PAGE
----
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Thread: Stains on pool walls - what are they and how to rid?

  1. Back To Top    #1

    Join Date
    Aug 2014
    Location
    Houston/TX
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    2

    Stains on pool walls - what are they and how to rid?

    Hello -
    I have a stain on the plaster walls of my pool that extend about 2.5 feet underwater from surface and then stops; there is a visible horizontal line around pool at that depth, below which there is no stain (see attached picture). I'm not sure whether this is a metal-type stain or an algae stain. I'm looking for guidance as to the best way to diagnose and treat.

    Background: Earlier this summer, I went on vacation for a couple of weeks and had a green algae issue when I returned. I followed instruction on this site to resolve the issue, which I think it is now under control (no re-emergence for ~1 month). I first noticed this 2.5 ft deep wall stain after having resolved the algae issue, but I'm not sure if it is related or I only noticed because I was now paying more attention. Perhaps unfortunately(?), I also used Regal Algaezone Plus (which contains copper) during my battle with the algae. Based on tests I was getting at the pool store during that time copper levels did come up a little but have since gone away (perhaps the copper attached to my wall).

    Quick test: As I was adding muratic acid tonight to lower pH, I decided to run a quick test. I poured a little acid close to the wall (more quickly than I usually would) and scrubbed the plaster near surface with a brush. This definitely removed the stain in that location, but it was a locally high concentration of acid. Normal brushing does nothing to remove the stain.

    Current Levels:
    FC - 3
    CC - 0-0.5
    pH - 8 (before my acid addition above, but my pool typically runs this high; no matter how much acid I add, within a week it has increased to this level again)
    TA - 80-90
    CH - 275
    CYA - 50

    Thanks in advance for your advice.

    Pool stain image.jpg
    Pool build/start-up Feb 2014: 22K gal, IG quartzite plaster, Pentair Clean & Clear 520 cartridge filter, 2.5 HP WhisperFlo pump, Polaris Aqua-vac 280, TF-100 test kit

  2. Back To Top    #2

    Join Date
    Mar 2007
    Location
    San Rafael, CA USA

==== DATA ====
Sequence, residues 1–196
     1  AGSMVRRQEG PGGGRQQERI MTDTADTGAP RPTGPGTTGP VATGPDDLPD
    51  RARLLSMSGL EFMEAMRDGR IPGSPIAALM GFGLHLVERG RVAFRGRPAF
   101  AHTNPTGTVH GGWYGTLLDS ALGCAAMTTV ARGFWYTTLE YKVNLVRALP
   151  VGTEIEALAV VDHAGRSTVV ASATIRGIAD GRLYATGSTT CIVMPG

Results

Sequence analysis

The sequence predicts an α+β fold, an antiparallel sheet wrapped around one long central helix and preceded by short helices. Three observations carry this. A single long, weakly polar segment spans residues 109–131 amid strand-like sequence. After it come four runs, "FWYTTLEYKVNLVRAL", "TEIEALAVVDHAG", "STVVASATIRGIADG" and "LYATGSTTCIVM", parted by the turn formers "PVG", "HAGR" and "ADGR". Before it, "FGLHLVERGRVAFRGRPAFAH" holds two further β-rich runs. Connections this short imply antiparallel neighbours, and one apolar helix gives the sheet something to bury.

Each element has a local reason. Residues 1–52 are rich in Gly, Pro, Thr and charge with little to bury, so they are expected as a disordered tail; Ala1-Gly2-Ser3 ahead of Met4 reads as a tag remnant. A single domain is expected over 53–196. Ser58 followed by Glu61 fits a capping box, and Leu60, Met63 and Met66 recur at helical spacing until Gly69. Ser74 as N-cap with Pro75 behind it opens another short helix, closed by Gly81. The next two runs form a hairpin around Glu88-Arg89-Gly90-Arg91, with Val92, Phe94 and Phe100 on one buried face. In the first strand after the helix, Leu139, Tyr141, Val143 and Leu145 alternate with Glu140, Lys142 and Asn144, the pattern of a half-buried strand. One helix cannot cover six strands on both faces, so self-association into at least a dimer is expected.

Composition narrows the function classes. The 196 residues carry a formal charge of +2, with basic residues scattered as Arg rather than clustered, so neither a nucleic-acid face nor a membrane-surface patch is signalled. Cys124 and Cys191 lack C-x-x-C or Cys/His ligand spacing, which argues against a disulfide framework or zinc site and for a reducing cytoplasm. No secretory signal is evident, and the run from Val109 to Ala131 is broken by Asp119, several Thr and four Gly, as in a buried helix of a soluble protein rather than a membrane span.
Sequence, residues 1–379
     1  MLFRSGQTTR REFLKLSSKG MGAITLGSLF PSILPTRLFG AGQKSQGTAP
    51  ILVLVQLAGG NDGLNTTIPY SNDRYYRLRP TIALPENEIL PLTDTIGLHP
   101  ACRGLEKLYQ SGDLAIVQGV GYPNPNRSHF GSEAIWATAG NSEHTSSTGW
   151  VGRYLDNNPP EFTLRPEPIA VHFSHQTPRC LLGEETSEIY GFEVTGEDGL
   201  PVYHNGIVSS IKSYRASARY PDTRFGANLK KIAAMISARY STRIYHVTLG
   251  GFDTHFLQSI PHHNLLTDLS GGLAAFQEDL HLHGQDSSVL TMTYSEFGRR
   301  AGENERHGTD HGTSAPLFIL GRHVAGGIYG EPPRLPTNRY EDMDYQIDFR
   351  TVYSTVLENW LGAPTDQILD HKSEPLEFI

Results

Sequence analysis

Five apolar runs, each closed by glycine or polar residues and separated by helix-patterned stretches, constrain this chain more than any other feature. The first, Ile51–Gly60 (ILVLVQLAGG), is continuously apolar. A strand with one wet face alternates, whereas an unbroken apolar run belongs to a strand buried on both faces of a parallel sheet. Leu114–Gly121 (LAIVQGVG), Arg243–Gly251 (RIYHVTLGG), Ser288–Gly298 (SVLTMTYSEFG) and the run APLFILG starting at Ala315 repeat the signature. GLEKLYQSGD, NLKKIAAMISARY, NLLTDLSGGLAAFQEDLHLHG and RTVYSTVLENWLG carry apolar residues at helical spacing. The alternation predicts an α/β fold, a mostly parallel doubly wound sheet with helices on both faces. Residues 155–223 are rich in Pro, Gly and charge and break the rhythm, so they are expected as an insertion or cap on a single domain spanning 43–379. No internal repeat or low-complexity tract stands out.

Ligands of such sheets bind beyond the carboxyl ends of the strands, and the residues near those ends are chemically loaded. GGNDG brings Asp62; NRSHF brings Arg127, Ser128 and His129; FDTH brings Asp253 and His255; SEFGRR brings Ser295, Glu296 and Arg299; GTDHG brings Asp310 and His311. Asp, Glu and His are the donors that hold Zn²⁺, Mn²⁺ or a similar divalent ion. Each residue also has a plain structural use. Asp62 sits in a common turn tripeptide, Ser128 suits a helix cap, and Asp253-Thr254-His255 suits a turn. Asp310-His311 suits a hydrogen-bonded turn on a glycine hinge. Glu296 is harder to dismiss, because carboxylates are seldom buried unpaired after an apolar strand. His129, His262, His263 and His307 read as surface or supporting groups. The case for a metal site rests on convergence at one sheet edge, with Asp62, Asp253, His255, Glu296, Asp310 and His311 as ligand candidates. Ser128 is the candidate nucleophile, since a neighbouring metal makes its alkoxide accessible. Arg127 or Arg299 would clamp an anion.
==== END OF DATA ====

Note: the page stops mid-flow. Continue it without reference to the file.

Posts
    12,082

    Re: Stains on pool walls - what are they and how to rid?

    Welcome to TFP!

    You wrote that you followed the instructions on this site, but that you also used Regal Algaezone Plus which contains copper. That is not following the instructions on this site described in the Pool School. Under Recommended Pool Chemicals we do not list any algaecides (nor clarifiers, flocculants, enzymes or other chemicals). Under Defeating Algae it says the following (bold emphasis mine):

    Algaecides rarely help and often cause problems. Copper based algaecides can cause unsightly copper stains that are difficult to remove, and can turn blond hair green. Linear quat based algaecides can cause foaming and bad smells. Polyquat based algaecides can be used as a preventive measure, but are ineffective at fighting algae once you have it. Polyquat is particularly useful when you are unable to maintain the FC level, such as over the winter or during an ascorbic acid treatment.
    Under Metals in the Water and Metal Stains it says the following:

    Iron is fairly common in well water but rare in municipal water. If you will be filling you pool from a well, have the water tested for iron. If you have iron consider having iron free water trucked in. Copper is in some algaecides, many "mineral" systems, and ionizers. If the PH in the pool goes much below 7.0 for very long, copper can get into the water from a copper heat exchange coil, commonly found in pool heaters. In addition to staining the pool, copper can turn blonde hair green.
    According to this MSDS, Regal Algaezone Plus contains "citric acid", "copper carbonate", "monoethanolamine", and "triethanolamine". Unfortunately, they do not list the actual percentages of copper. Would you please look at the bottle and let us know exactly what volume of Regal Algaezone Plus you added, how many gallons of water are in your pool, and the EPA registration number listed on the algaecide product? We can then figure out how much copper you actually added to your pool. If the EPA registration number is 8959-2, then as described in the PAN database, this is 51.4% copper ethanolamine complex which according to this EPA document is 7.41% elemental copper or 0.72 pounds of copper per gallon of product.